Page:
Every business needs investment, but are you giving yours the best chances of success?
By Doreen Bloch (Co-founder & CEO, Poshly)
While the amount of early-stage investment to companies with a female on the executive team is on the rise, only seven percent of U.S. venture capital funds go to companies with women founders and CEOs (as you can read in this Astia Angels white paper). So, while there has been progress in recent years, there is still incredible, untapped potential for venture capitalists to propel new growth by investing in these entrepreneurs.
As Co-Founder and CEO of Poshly Inc., I feel privileged to be a part of the emerging pool of female-led companies. After bootstrapping for two years, Poshly successfully raised more than $2 million dollars in funding last year. Along the way, I’ve learned some valuable lessons about positioning a business for fundraising success.
Here are my top five battle-tested insights for fellow founders who are fundraising to grow their businesses:
1. Frame Your Market Size
Every investor is interested in the size of the market your company is addressing. While there are different ways to approach the calculation (bottom-up, top-down), no matter what number you determine, make sure to present it in a way that resonates with each investor you pitch.
One simple tip: don’t present your market size number in a vacuum. Rather than saying your addressable market size is $50B, for example, enhance that statistic by adding a comparative number from an industry that the investor knows well.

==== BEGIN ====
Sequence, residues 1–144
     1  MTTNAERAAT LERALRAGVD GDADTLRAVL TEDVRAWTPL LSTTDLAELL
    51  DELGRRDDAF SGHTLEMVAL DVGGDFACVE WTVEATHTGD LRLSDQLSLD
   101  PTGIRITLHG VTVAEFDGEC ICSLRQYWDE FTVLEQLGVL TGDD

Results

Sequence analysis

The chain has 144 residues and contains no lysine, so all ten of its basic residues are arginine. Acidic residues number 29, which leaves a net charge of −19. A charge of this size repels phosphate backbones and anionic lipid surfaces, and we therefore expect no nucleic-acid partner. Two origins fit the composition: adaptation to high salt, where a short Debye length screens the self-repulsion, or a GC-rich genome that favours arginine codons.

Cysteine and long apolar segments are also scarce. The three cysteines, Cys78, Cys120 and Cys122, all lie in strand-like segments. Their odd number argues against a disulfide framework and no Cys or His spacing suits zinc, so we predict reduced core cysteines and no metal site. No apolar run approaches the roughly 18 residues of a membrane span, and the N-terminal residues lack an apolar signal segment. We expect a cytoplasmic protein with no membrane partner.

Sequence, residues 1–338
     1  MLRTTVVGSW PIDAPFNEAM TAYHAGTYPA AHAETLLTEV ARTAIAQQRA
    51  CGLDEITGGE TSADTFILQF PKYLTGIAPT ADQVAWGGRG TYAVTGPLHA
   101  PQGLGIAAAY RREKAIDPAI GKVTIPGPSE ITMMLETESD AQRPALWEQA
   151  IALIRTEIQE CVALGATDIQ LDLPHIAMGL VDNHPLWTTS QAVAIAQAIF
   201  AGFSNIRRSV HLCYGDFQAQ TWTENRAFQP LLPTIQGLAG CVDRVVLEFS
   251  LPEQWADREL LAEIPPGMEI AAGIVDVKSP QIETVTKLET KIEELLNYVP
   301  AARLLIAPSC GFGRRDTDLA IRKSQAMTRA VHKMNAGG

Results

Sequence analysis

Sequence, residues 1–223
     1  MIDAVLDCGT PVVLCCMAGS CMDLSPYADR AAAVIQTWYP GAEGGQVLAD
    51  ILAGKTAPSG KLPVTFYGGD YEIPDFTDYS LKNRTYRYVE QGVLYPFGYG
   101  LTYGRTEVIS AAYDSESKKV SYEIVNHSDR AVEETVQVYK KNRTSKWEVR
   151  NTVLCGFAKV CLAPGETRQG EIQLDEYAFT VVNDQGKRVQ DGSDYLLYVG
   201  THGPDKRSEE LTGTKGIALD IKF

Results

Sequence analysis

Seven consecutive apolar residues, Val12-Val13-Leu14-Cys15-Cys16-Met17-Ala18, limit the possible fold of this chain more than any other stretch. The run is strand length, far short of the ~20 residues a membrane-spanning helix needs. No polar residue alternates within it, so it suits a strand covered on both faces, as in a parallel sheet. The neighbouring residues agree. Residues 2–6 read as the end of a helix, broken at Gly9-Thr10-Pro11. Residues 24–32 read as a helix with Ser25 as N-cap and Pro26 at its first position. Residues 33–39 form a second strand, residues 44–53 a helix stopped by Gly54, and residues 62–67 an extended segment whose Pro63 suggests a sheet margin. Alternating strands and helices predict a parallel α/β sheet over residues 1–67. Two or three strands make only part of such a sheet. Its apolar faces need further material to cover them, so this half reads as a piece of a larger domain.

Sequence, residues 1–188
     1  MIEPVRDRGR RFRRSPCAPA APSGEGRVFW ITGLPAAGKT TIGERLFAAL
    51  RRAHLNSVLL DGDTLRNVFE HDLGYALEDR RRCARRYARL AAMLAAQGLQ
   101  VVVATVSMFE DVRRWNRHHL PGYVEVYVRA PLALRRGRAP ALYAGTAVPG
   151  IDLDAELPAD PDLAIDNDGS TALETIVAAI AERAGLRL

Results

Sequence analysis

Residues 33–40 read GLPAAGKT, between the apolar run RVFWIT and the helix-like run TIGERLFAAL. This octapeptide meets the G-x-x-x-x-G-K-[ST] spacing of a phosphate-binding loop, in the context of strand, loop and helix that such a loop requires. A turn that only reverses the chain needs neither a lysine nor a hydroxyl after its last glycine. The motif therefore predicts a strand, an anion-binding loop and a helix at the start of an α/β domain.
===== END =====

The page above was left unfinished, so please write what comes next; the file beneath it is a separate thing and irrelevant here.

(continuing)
I saw this quick change work wonders in my pitches. When discussing Poshly’s first market – beauty and personal care – I often told investors that this is a “$382B global industry.” Unfortunately, many investors felt unfamiliar with the beauty industry and the $382B figure alone would be hard for anyone to scope when not presented alongside another statistic.
I adjusted my presentation to include comparisons to other industries, such as Consumer Packaged Goods as a $2 trillion global industry, and suddenly my original market size figure came to life in a more vivid way.
2. Talk About Money Early and Elegantly
Early on in my fundraising experience, I made the rookie error of delaying the money conversation, expecting that merit would generate funds and that explicitly asking about money was in bad taste. This sentiment is not uncommon, it appears, and may stem from deeply ingrained gender cultural norms.
As I learned more about this behavioral tendency that plagued women entrepreneurs, I crafted a phrase for myself that enabled me to talk about money without feeling brash. Once I nailed it down, I made sure to use it early-on in conversation with investors – within the first 10 minutes of an introduction call or meeting. The key question: “What are your investment interests and typical check size?”
This was the key phrase that enabled me to quickly assess whether an investor was a fit for my company’s fundraising strategy. Since all investors put funds to work within a certain range, you want to get an understanding of their thesis and funding strategy early on. This method enabled me to save a lot of time in vetting new investors.
3. Have the Investor Suggest the Milestone... Then Get To It
While it’s critical to set goals for yourself and your team internally, do you know how well those goals align with investor expectations? Make sure to talk with prospective investors about the milestones they see for your business, and once they pick a few goalposts, meet and exceed them.